The Belgian-based UIA has produced over the years a monumental database of "world problems and human potential" (see also the Wikipedia entry) that includes a problems database, international associations dealing with problems, strategies for solution and several other sections.
All of this is extensively indexed and cross-referenced. For instance, one can go from the description of a problem to more general or more specific ones, other problems that aggravate the given problem, other problems it aggravates, NGOs or other instances charted to solve the problem and so on. Several problems get associated in vicious circles, such as A aggravating B which aggravates C which aggravates A; and some of these cycles are intertwined with each other. The encyclopedia constitutes an amazing global view of the complexity of the modern world.
Equally as interesting is a series of 500 pages of commentaries on the encyclopedia mainly written by the encyclopedia coordinator, Antony Judge. The most interesting commentaries deal with Why Problems Don't Get Solved and this essay draws on some of them.
It is easy to answer this question for particular problems with simplistic answers; and everybody has a favorite one. More interesting answers include lack of systemic vision of our governing agencies, that impede solving the whole system rather than just a symptom of part of it; lack of enough brilliant minds working together to solve problem (see for instance Singularity University, Engelbart’s insitute...); lack of effective global models and so on. Or else we may throw our hands in desperation and state that the complexity of the world problematique which we have created far exceeds our capacity to unravel and solve it.
Actually however and according to the set of commentaries mentioned, human psychology and societal systems have everything to do with the lack of permanent solutions. Some quotes follow -but please do read the original texts:
"The general response to problems by institutions is governed by short-terminism. Institutions endeavour to devise solutions which can be _made to appear_ as though effective action is being taken, whether or not that action is effective either in the short-term or, more significantly, the long term"
"Some individuals and groups require a satisfactory explanation, usually scientific, of the nature of a problem, before taking steps to deal with it. The assumption is that a problem must be fully understood before any useful action can be taken. Some bodies use this prerequisite, by the selection of appropriate experts, as a means of postponing action when "no proven link" has been demonstrated (eg air pollution and acid rain)."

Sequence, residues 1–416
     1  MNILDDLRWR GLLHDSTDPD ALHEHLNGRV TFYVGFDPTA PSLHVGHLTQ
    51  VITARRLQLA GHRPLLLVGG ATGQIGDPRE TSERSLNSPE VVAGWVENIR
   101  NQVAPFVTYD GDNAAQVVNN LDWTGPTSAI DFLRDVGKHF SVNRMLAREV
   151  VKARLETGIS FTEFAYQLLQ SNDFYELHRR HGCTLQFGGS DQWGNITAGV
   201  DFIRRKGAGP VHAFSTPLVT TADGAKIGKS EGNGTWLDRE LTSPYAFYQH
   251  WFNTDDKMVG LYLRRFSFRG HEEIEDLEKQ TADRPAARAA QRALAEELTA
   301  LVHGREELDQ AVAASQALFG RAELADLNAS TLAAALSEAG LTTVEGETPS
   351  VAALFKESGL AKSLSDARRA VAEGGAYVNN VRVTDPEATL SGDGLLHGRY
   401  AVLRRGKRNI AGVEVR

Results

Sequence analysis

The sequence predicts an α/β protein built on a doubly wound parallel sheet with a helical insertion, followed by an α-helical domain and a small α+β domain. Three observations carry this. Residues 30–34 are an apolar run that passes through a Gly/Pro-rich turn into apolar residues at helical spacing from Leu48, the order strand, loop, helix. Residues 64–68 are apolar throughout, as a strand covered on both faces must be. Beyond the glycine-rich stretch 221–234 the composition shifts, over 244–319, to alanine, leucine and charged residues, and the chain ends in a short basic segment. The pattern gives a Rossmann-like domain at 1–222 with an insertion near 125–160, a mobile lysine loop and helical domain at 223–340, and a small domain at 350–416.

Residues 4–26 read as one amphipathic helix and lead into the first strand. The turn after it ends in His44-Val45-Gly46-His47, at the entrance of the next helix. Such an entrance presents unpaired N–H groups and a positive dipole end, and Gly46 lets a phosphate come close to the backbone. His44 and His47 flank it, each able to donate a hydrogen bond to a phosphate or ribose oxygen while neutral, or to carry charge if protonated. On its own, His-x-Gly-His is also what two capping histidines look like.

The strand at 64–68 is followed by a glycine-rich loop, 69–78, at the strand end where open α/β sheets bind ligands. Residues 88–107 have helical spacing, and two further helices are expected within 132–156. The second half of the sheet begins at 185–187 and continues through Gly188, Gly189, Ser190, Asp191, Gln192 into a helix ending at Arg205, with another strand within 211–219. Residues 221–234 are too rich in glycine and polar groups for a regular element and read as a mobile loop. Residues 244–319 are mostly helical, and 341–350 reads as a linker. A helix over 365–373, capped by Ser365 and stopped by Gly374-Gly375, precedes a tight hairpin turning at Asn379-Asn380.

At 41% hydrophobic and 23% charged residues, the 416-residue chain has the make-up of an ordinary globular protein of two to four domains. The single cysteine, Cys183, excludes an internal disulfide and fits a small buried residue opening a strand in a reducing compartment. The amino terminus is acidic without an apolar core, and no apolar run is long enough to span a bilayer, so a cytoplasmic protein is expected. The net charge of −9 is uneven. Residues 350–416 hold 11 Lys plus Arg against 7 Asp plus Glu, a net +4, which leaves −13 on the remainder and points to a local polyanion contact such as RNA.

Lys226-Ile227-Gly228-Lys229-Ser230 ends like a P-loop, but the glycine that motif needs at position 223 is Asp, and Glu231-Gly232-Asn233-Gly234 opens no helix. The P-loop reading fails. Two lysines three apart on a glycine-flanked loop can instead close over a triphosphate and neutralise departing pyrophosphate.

"Problems may be approached like diseases of the body. Symptoms then need to be noted in order to diagnose the underlying disease. Encouraged by the mindset of allopathic medicine and its many miraculous cures, specific remedies may then be envisaged, whether in the form of "drugs" [that might only ease the sympom] or "surgery". The situation is exacerbated by consultants associated with particular schools of thought who, like pharmaceutical companies, distinguish themselves by advocating new remedies (if necessary misrepresenting their advantages and concealing their weaknesses) in order to outmanoeuvre their competitors"
"Problems may approached only in terms of their profit-making potential. A problem becomes significant to the extent that goods or services can be sold in the process of remedying it. The stress is not on whether such products are an appropriate response to the problem but whether a market can be defined and developed that perceives this to be the case."
"Technocrats tend to hold the view that they have all the systems modelling skills necessary to identify and deal with problems. In this view, all that is hindering an appropriate response is the complex of irrelevant political issues which prevent the technocratic elites from marshalling and deploying the necessary resources as required. This approach is favoured by those who believe that there is a technical "fix" for every problem"
"Problems may be approached as resulting from defects in the organization of the bodies or programmes within whose mandates they ought to fall and which are expected to be able to contain or regulate any imbalances in the social or natural environments.” (...) ' I was to learn later in life that we tend to meet any new situation by reorganizing, and what a wonderful method it can be for creating an illusion of progress while producing confusion, inefficiency and demoralization. (Petronius Arbiter, Roman Governor of Bithynia, AD 65)' "
After this sad state of affairs, what can be done? Have we thrown ourselves into an evolutionary cull-d’sac, and are running towards the bottom of the sac ever faster?. Since human psychology and follies are involved, we have to partially part company with Oliver Wendel Holmes, Jr.:
"the chief worth of civilization is just that it makes the means of living more complex; that it calls for great and combined intellectual efforts, instead of simple, uncoordinated ones (...) because more complex and intense intellectual efforts mean a fuller and richer life"
Indeed, but it seems that intellect alone won't suffice. It would appear that only becoming "a different kind of person", everybody, can we start towards a solution. Lewis Mumford would agree, as shown in the quotation in the home page of this blog.
But, how? That's homework. Genetic engineering of the human psyche...?